The status of additional state funding for the Texas Department of Transportation is up in the air as the House and Senate will discuss their differences on approving a bill designed to divert money to the State Highway Fund that helps fund TxDOT.
On April 30 the House approved Senate Joint Resolution 5, which would dedicate $3 billion of revenue from the state sales and use tax to the SHF each fiscal year. However, the bill differs from the Senate’s version, approved March 4. The Senate’s version of the bill would dedicate the first $2.5 billion of motor vehicle sales tax revenue to the state’s general revenue fund and the second $2.5 billion to the SHF. The Senate declined to accept the House’s version of the bill May 4, requiring both chambers to hash out differences in a conference committee.
Gov. Greg Abbott signed SB 149 into law May 11 to become effective immediately. The legislation, filed by Sen. Kel Seliger, R-Amarillo, will establish committees to determine if students who pass classes but fail standardized tests can graduate.
“While it is critical that the state appropriately holds public schools and districts accountable for delivering the best possible education, we must protect Texas students from being penalized as a result of evolving testing standards,” Abbott said in a statement.
On May 7 the Senate passed HB 4, which was filed by Rep. Dan Huberty, R-Houston, and aims to implement high-quality standards for prekindergarten education. Abbott declared the bill an emergency item and issued a statement saying HB 4 will help strengthen the foundation for student success. At press time he had not signed the bill.
On May 6 chambers of commerce, school boards and superintendents came to the Capitol to voice support for HB 1759, the House’s version of an education budget allocating $3 billion for education. The Senate’s version allocates about $1.4 billion.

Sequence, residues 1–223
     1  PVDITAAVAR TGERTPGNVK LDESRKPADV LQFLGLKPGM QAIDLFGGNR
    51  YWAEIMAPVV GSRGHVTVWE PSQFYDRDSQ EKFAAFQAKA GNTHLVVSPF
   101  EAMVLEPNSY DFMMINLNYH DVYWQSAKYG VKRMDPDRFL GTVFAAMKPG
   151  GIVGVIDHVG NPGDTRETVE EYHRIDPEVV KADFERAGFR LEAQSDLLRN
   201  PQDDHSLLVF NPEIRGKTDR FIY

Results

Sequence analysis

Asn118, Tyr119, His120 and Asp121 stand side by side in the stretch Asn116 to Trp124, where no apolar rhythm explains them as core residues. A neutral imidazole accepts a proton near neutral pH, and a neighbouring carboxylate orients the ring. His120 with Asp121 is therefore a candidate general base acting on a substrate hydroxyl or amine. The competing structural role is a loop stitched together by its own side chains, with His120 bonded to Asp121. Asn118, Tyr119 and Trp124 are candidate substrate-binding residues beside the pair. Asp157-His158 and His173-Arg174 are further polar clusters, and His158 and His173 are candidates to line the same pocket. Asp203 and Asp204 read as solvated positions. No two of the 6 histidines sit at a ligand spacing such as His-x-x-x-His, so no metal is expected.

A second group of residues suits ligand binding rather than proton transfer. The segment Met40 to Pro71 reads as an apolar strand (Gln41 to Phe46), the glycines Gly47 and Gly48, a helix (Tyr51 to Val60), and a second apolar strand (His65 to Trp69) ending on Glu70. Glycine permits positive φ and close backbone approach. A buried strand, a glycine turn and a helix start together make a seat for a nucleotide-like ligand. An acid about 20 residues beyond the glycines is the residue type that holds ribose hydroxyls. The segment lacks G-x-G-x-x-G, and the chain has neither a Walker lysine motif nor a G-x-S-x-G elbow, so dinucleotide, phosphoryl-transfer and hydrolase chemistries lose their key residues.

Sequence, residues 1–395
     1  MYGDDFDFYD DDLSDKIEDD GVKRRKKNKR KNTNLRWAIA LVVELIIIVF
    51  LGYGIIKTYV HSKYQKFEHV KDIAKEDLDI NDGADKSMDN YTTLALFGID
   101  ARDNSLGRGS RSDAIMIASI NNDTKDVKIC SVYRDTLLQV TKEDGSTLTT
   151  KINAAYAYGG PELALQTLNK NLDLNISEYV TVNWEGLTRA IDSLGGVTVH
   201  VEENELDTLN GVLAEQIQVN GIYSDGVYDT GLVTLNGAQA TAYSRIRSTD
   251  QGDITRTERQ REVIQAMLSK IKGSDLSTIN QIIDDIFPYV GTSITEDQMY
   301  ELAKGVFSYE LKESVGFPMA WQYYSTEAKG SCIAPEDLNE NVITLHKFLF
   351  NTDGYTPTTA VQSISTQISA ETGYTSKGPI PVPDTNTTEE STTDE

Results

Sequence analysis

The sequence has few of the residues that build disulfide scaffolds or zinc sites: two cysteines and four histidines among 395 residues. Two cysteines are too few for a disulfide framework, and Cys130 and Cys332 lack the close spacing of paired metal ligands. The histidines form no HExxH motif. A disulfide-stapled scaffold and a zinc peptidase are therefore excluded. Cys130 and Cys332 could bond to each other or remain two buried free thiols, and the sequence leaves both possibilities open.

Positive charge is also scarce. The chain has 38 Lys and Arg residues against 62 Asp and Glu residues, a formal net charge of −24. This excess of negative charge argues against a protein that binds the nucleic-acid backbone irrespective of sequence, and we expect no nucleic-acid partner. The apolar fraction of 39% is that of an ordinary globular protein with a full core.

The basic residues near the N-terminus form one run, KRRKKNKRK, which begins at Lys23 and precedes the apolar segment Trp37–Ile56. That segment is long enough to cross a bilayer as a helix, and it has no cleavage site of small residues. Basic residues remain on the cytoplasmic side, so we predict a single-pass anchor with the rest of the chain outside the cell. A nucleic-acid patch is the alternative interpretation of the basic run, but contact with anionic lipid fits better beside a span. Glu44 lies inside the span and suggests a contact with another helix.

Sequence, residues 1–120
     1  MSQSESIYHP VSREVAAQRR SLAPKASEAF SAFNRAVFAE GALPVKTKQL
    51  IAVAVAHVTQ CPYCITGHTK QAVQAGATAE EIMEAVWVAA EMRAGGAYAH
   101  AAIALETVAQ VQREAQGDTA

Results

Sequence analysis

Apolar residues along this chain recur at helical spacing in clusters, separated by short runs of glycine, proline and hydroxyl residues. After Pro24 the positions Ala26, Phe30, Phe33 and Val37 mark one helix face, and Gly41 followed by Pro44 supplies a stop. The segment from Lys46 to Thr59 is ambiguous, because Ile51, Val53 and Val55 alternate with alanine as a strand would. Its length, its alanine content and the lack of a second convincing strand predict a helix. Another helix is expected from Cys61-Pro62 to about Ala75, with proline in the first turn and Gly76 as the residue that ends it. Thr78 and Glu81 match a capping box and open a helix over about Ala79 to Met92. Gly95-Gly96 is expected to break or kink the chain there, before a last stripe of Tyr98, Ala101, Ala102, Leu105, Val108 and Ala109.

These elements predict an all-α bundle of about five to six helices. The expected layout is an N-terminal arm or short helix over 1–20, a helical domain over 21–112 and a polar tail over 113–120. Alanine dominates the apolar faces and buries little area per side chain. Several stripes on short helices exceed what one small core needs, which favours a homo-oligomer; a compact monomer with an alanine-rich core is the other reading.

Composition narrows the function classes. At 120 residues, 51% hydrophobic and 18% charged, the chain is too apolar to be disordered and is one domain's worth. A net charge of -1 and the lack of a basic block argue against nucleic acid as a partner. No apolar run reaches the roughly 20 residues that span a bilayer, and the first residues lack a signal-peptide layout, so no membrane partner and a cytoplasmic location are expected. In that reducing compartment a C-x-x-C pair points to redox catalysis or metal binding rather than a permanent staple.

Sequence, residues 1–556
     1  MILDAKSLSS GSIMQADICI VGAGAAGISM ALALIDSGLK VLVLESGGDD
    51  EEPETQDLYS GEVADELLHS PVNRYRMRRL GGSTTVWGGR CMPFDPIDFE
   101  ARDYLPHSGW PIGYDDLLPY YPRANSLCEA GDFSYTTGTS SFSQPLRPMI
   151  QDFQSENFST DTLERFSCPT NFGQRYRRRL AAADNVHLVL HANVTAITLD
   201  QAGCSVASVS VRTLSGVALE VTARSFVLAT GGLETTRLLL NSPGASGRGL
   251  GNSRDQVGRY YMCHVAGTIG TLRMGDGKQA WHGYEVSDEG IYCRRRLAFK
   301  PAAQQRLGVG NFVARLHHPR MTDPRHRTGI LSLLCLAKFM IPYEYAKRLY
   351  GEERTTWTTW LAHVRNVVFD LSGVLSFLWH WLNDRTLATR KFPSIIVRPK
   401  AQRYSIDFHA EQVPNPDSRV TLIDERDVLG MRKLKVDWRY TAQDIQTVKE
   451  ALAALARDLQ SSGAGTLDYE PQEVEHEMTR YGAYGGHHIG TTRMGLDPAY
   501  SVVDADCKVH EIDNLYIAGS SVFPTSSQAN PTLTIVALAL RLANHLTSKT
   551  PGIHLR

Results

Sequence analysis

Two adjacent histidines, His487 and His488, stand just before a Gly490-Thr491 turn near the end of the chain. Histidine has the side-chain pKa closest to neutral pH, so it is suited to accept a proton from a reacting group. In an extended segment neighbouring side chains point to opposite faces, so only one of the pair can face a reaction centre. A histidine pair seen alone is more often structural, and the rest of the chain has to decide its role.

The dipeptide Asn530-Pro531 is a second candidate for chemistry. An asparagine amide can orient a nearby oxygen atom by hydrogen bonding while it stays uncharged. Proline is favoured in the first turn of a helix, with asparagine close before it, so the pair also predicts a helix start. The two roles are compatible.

At press time HB 1759 was slated to be discussed on the House floor May 14.
On May 7 the Senate’s Health & Human Services Committee voted 8-1 to pass SB 339, which legalizes and regulates the growth of cannabis plants high in cannabidiol and low in tetrahydrocannabinol in Texas.
The bill was referred to the Public Health Committee in the House on May 11 and would allow patients access to cannabis oil for medical use upon the recommendation of two board-certified medical specialists. Cannabidiol oil has been shown to “dramatically decrease” the number of seizures in people with intractable epilepsy—people with a higher risk of a shortened life span, bodily injury or mental health impairment. There are about 149,000 Texans of all ages with intractable epilepsy, the bill states.
Economy and Small Business
Representatives discuss a bill May 5.[/caption]
On May 14 the Senate Natural Resources & Economic Development Committee discussed HB 590, which would create corporations to develop and commercialize technologies created by higher education institutions.
HB 40, a bill clarifying that the state—not local authorities—regulates oil and gas activity, was sent to Gov. Greg Abbott on May 6.
In April, Abbott signed into law SB 293, which would allow ESPN, NASCAR and Ultimate Fighting Championship events to be considered eligible for the Texas Major Events Trust Fund.
University presidents Bill Powers and Mark Hussey joined forces earlier in the legislative session, asking lawmakers for funding.[/caption]
Bills slated to bring changes to higher education are still waiting for passage.
A bill that would allow licensed concealed weapon owners to carry firearms on public college campuses was approved by the Senate but still has not been heard on the House floor. A bill repealing a law allowing some undocumented students to pay in-state tuition rates is waiting to be heard by the Senate but has not cleared its first committee in the House. Some other bills in limbo include those that would issue revenue bonds to help higher education institutions fund projects such as new facilities.
On April 28 the House unanimously approved HB 31, which would decrease the state sales tax rate from 6.25 percent to 5.95 percent, and HB 32 by a vote of 116-29, which would reduce the state’s franchise tax rate by 25 percent.
“Today the House voted [for HB 31] to provide all Texans with tax relief that encourages job creation and economic growth,” House Speaker Joe Straus, R-San Antonio, said.
Rep. Trey Martinez Fischer, D-San Antonio, opposed HB 32, saying the money saved should be spent on state needs including public schools and veterans programs.
“If you think we have enough money in our schools, vote for this bill,” he said. “... If you believe our health care plan is the best plan that we can provide to our Texans, vote for this bill. Otherwise, know we’ve just sent a tax relief bill to the Senate with HB 31.”
On April 28 the Senate passed SB 762, which increases the amount of business personal property that is exempt from property tax from $500 to $2,500.
“Every Texan that owns a small business, is a sole proprietor, LLC or others will love this bill as it saves them time and money,” Sen. Paul Bettencourt, R-Houston, said.